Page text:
Rather than abetting agency naïveté—official insistence that we can’t be expected to weigh every possibility, no matter how remote—whenever the question is about further societal investment in fossil fuels, NEPA should be read going forward to demand a ‘hard look.’  On that precise family of issues, causation, responsibility, and plausible emissions pathways will never be self-evident.  But they are growing immensely important and uniquely germane to NEPA’s purpose: “to promote efforts which will prevent or eliminate damage to the environment and biosphere.”  42 U.S.C. § 4321.  The more our public agencies which have the most influence over future fossil fuel infrastructure are permitted to avoid accounting for their role in it, the worse off we all will be.

At least since Hume’s Treatise, our base notions of cause-to-effect have rejected necessity in favor of warranted induction from experience.   And induction from regularities of experience, at least since Nelson Goodman’s Fact, Fiction, and Forecast, has boiled down to what constitutes “confirmation” of our hypotheses about how things work.  Anyone familiar with Goodman’s little book will know that confirmations of a confident sort are rarer than we often think.  But Goodman was clear that all we will ever have to work with at any time is the record, the stock of our experiences and our best efforts to sort out confirmations from disconfirmations.

Anyone making the case that continued investment in fossil fuel infrastructure won’t further entangle our society with them, won’t perpetuate our reliance upon them, and won’t make them the market superior of other, cleaner sources of energy has one gigantic record to explain away.  They should at least be kept on the hook for that explanation under NEPA § 102(2)(C) and CEQ’s interpretation thereof including “indirect” effects.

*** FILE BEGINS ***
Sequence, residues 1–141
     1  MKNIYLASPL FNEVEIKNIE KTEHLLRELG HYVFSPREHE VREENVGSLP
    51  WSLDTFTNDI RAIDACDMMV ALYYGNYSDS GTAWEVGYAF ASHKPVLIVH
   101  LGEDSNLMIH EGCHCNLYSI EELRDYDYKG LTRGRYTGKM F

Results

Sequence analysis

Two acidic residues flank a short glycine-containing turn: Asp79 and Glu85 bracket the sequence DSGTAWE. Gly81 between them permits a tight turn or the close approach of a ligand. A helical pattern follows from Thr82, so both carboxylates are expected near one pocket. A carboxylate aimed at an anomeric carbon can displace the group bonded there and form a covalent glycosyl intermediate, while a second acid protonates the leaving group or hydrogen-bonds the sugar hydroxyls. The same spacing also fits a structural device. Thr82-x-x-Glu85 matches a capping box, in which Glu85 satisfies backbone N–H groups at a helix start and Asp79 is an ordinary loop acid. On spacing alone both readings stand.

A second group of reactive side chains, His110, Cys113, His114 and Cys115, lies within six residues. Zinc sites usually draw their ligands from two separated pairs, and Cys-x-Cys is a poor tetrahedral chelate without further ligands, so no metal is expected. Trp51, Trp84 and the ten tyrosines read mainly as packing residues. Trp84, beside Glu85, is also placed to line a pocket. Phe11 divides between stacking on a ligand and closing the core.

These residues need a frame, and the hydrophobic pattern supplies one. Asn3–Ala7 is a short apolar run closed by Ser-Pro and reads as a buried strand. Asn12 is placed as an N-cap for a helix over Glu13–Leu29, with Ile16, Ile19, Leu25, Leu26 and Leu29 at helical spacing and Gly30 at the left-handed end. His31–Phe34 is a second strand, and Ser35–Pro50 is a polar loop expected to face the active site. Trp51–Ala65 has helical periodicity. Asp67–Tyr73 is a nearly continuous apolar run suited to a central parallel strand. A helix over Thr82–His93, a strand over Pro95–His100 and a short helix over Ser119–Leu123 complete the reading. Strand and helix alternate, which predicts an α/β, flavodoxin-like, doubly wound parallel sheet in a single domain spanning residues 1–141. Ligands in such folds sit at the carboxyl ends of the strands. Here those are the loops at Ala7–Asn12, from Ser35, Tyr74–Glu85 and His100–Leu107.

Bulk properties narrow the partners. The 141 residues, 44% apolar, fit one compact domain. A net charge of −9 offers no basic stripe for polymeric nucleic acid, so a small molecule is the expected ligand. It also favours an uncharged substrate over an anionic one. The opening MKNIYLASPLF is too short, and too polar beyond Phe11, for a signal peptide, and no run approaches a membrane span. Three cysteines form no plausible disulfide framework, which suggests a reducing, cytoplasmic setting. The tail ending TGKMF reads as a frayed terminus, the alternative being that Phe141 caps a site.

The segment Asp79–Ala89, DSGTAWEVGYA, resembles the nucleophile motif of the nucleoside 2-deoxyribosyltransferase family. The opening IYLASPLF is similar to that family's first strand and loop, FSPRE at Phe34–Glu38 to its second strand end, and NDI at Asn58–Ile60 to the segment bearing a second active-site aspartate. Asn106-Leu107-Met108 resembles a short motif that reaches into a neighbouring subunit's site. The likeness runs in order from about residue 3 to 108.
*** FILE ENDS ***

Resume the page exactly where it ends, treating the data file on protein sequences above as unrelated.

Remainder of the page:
N.B.: One Theory That Surely Ought to Fail

For a time, the D.C. Circuit seemed poised to hold that the CEQ rules (Parts 1500-1508) lack any power to “bind” others the way typical agency regulations do.  See, e.g., TOMAC v. Norton, 433 F.3d 852, 861 (D.C. Cir. 2006).  The Ninth Circuit long ago held that FERC is bound by CEQ’s rules (notwithstanding FERC’s own dissembling and statements years ago that it would “voluntarily” comply with those rules).  See The Steamboaters v. FERC, 759 F.2d 1382, 1392-93 (9th Cir. 1985).  And a D.C. Circuit panel in WildEarth Guardians v. Jewell, 738 F.3d 298 (D.C. Cir. 2013), just recently said, without any hint of qualification, that CEQ’s rules “implement NEPA,” treating them exactly like one would rules that are to be followed.  Id. at 309 n.5.  That should nullify anyone’s suggestion that FERC’s choices in the DCP matter need not comply with CEQ’s rules.

The D.C. Circuit must now decide whether FERC takes those rules as CEQ would have them interpreted.  If so, the agency’s intransigent insistence on excluding everything upstream from its permission and everything downstream as well is simply inconsistent with the law.

{Image: Dominion Cove Point from Statoil™ 2009 SEC filing}

I teach environmental, natural resources, and administrative law at Penn State Law. Before teaching I was an enforcement lawyer at U.S. EPA. Along the way I've done work for environmental nonprofits and written a fair bit about NEPA.